Saturday, 6 June 2009

It's tipping it down with rain, so it looks like a day to concentrate on the annual nightmare of GCSE marking. I did at least manage to check the beehives yesterday, though I got no further. Hive 1 is looking good, with 6 1/2 frames of brood. I only got two queen cells in the first batch I raised, so I gave both to Hive 3. For some reason they broke one down, leaving them with a single cell. I'm not happy with that; I like to give them two or three. It should be OK though. Hive 4 is on five frames of brood, and has laid up a second frame of eggs for me. I've now given that to Hive 5, to requeen itself with.

There are always a lot of bees drinking from this puddle when the sun's out. I've been keeping it topped up because I don't want them going elsewhere and scaring the neighbours. They like very shallow water in the sun, presumably because it's warmer. When I shaded the puddle one day, they abandoned it till it was back in the sun. They'll often go for very dirty water, possibly for extra mineral or organic content.

The elephant garlic is flourishing as always. The scapes need to come off in order for the bulbs to reach maximum size.

I've just planted out some of the peas. These are Salmon Flowered, Robinsons' Purple Podded (so called because it originated from Robinson's Seeds), Lancashire Lad, another purple podded variety, and Ne Plus Ultra. I had to replant Magnum Bonum and Alderman so I'll add those in a week or two. As you see, I use wigwams made of 8-foot poles, with string wound round to give the tendrils something to grip.


  1. It's true removing the scapes will allow the plants to put more energy into the bulbs, but bulbils can be useful sometimes too and the difference in bulb size is not always that great.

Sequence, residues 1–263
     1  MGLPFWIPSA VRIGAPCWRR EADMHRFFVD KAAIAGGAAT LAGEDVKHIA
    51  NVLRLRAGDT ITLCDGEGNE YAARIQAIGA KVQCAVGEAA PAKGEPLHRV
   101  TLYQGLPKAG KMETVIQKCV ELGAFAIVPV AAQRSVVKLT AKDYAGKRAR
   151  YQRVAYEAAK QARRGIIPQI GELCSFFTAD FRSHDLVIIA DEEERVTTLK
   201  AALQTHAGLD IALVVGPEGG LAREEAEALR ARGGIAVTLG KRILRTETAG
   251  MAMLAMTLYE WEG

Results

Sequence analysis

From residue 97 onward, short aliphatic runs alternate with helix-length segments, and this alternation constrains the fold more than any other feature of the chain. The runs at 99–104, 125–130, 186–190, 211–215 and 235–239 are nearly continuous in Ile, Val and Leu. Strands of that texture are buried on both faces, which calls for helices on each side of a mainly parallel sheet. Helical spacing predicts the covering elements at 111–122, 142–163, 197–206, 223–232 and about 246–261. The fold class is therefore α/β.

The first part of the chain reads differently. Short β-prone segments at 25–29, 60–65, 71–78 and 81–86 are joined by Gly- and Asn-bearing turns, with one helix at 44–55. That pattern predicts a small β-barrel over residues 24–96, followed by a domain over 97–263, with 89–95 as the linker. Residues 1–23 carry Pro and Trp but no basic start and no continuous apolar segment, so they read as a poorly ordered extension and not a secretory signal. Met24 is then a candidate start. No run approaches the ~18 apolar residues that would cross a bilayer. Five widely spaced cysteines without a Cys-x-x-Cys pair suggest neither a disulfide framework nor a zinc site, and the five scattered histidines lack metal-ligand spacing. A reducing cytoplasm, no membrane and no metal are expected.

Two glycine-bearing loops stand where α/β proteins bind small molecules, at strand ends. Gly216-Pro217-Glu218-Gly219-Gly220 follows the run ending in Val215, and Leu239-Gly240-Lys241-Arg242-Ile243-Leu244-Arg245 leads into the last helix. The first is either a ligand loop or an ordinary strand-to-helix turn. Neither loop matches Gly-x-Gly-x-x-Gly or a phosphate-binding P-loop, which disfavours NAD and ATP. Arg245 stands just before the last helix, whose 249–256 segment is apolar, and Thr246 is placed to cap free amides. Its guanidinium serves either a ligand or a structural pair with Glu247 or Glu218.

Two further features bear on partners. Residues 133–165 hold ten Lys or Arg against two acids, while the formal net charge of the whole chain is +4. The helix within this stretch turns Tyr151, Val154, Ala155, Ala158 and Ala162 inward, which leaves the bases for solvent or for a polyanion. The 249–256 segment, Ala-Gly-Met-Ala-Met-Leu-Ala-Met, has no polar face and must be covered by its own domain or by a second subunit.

Bulbils are great for sending through the post. They are also good in general when sharing your plants with others, because sometimes the bulbs carry diseases the bulbils don't. Some people also say the acclimation process in a new garden is faster if you start with bulbils.

    Bulbils are also a way of speeding propagation, because even though what you grow from bulbils won't reach full size the first year, they usually catch up quickly in the following years.

    Last year was the first I really saved bulbils from my plants in any numbers, but I'm really starting to understand how handy they are. In the future, I'm going to start sometimes sending out bulbils to people who want to grow my garlic varieties.

    Of course I like eating the scapes too! They can be cut into pieces and cooked like green (French) beans, or you can make pesto out of them.

  2. Good point. I haven't tried letting any garlic produce bulbils. OK, elephant garlic isn't 'proper' garlic, but it thinks it is so I assume it acts the same way. I usually use the scapes in a stirfry.

    I hadn't thought of the disease angle. Yes, I can imagine a disease being concentrated at one end of the plant, as it were. I don't suppose white rot, let's say, extends as far as the top of the stem.